A couple of months ago I was contacted by Aimee, a school friend of my wife, who explained that her father was clearing through his late mother Eileen’s collection of clothes and she had thought of me.
It was the first enquiry of this kind that I had received since starting Mrs Fox’s and it was important for me to be respectful of the memory of their loved one, particularly as I would be looking through her treasures and trinkets, possessions and clothing collected over a lifetime. After all loving vintage isn’t about money, it’s about having a love of history and people, my favourite thing to do is imagine what occasion an item of clothing may have been used for and how it could be used again.
Within a few weeks I had what seemed like endless bags of clothes in our dinning room (I do like to take over the house) all full of pieces that had belonged to Eileen. I fed back what I thought of the collection and it turned out there was more still to see!
I was lucky enough to be welcomed into Aimee’s dad’s home to look at the rest of the collection. It’s an odd feeling looking at piece’s of someone’s life you have never meet before and would never have the chance too. It did make me feel a little sad but I had a plan I thought would help me with this (more on this later).
It was clear from her wardrobe that Eileen had loved fashion and wasn’t worried about mixing it up, a lady after my own heart. I got the impression she loved life, her range of colours and styles showed she liked to move with the times but also had her own style. She seemed to have had a love of scarves, with a collection that could (almost) give me a run for my money. The more I learned, the more interesting Eileen was, she had in fact left school at 14 and spent the rest of her working life in the jewellery trade in London’s West End progressing to the title of store manager. I knew this lady had style.
As I was looking at the pieces I was told some wonderful stories about her life.
So I am very proud to introduce the very special collection called ‘Loved by Eileen’. This is a small way to honour her memory, even though I never met Eileen hearing these stories and looking at all her pieces I felt that I had the opportunity to know her a little. I didn’t take everything but the bits I did I knew other vintage fans would love. I hope wherever Eileen is now she is pleased that her memory lives on and others will have the opportunity to treasure her once loved items. As I write this piece I am wearing a navy blue jacket of hers. I would also like to thank Aimee and her dad for allowing me to look at her things and hear a little more about someone so important to them.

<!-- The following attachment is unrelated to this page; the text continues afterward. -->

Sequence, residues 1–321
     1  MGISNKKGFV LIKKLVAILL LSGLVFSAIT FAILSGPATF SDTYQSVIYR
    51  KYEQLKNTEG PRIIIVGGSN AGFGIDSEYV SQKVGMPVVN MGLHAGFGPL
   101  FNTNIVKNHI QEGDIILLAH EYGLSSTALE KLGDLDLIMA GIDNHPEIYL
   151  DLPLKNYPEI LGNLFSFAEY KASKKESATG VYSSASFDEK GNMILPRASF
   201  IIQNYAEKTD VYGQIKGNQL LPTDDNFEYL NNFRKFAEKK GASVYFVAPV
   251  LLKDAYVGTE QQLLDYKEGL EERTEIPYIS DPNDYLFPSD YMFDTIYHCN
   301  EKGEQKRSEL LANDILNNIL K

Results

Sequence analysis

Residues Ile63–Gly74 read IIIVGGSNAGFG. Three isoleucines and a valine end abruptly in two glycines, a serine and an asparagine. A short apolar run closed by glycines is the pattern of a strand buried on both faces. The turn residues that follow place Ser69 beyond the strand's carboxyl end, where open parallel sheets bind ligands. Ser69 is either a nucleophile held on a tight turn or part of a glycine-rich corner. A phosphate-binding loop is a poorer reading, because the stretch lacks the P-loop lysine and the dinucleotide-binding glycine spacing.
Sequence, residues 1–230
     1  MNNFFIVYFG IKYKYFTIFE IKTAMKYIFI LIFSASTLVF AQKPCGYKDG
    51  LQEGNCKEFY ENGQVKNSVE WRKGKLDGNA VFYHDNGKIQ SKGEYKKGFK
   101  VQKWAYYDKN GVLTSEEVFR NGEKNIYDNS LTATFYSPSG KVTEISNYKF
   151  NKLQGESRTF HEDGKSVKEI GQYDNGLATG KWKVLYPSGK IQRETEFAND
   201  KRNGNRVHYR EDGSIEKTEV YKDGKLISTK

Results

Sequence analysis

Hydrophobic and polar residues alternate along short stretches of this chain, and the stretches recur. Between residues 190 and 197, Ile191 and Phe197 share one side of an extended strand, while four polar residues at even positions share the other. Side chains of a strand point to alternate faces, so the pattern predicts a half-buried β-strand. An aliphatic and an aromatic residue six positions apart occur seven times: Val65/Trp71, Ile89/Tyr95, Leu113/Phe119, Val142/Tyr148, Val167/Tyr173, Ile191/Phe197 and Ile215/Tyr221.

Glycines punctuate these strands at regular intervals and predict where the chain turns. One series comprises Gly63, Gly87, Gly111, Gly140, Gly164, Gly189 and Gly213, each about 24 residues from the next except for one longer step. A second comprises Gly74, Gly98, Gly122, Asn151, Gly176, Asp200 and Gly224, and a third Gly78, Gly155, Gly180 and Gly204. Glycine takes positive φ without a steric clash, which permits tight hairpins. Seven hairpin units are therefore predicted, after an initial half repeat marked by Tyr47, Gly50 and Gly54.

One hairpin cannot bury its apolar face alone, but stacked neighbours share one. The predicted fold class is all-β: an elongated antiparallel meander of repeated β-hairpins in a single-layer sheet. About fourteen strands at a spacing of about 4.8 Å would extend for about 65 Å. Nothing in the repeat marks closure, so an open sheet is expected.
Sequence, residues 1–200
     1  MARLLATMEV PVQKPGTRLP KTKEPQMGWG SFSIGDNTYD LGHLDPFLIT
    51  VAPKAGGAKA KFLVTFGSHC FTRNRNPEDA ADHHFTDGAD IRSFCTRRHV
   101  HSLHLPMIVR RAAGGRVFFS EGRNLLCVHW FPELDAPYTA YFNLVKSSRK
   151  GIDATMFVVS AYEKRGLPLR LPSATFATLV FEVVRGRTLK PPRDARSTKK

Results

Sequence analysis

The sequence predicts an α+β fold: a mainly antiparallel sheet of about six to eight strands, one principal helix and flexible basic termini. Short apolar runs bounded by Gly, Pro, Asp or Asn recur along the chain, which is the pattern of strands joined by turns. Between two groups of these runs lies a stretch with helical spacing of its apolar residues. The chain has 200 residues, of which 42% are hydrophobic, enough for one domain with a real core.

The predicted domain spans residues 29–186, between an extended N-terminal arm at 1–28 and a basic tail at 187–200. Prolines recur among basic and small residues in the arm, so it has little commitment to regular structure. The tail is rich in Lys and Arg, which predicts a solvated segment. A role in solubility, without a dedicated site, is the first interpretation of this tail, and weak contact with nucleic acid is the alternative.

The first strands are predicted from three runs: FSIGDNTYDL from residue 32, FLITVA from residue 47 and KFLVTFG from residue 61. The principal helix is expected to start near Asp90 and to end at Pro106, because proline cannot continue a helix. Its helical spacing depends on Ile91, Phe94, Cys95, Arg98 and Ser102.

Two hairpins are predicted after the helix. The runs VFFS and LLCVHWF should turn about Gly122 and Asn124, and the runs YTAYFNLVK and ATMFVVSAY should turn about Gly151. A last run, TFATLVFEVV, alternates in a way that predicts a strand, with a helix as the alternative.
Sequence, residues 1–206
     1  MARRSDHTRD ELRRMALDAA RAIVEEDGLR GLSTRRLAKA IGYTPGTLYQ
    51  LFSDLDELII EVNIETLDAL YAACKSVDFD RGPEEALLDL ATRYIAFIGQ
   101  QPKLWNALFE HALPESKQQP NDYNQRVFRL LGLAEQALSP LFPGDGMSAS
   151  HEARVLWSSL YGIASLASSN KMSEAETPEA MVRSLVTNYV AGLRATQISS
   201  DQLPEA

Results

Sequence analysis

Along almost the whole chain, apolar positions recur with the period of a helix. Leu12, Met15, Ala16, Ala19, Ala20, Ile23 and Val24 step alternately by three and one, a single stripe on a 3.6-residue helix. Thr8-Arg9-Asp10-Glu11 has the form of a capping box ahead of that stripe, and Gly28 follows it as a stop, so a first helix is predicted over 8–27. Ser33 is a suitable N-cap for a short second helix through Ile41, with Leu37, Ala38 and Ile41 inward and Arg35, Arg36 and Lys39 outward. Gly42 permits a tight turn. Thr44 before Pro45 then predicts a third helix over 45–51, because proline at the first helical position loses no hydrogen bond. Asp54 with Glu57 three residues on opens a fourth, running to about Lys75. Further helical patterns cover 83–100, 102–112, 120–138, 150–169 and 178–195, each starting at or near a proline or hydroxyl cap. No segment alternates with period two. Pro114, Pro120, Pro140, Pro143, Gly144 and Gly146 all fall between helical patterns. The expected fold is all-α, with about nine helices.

I asked to see some pictures of Eileen to create some labels for the clothes, the family were welcome to this idea and I got the impression they were pleased with my plan. The first photo I opened was of Eileen in her later years but still looking very glamorous. I got a little upset about this (well after all I am someone who cries at almost any chick flick with a sad ending or in fact even a happy one!). I loved seeing the older photos of her in her hey-day and with her family.
Her son Barry said Eileen was always particular about the way she looked right into her later years and he recalled that when he went to visit her he always found her looking her best. She was always smartly dressed and had continued to have her ‘set’ weekly (one of the blue rinse brigade – he said this). What’s more if he forgot to compliment her on her appearance it wasn’t long before she would prompt him by saying ‘You haven’t said how nice I look today’.
Here are some of the other pieces from the collection:
I have kept a few pieces from the collection as I felt I had to, one is this great bag:
It shows me that life does go on but the people you meet along the way can change you, I am glad to have crossed path’s with Eileen through the memories of her shared with me so generously by her loved ones. It was my first contact of this kind and I am sure not all case’s will be like this or maybe they will and that’s just me but I cannot wait for Eileen’s pieces to be loved by others. I really do think she would have liked that.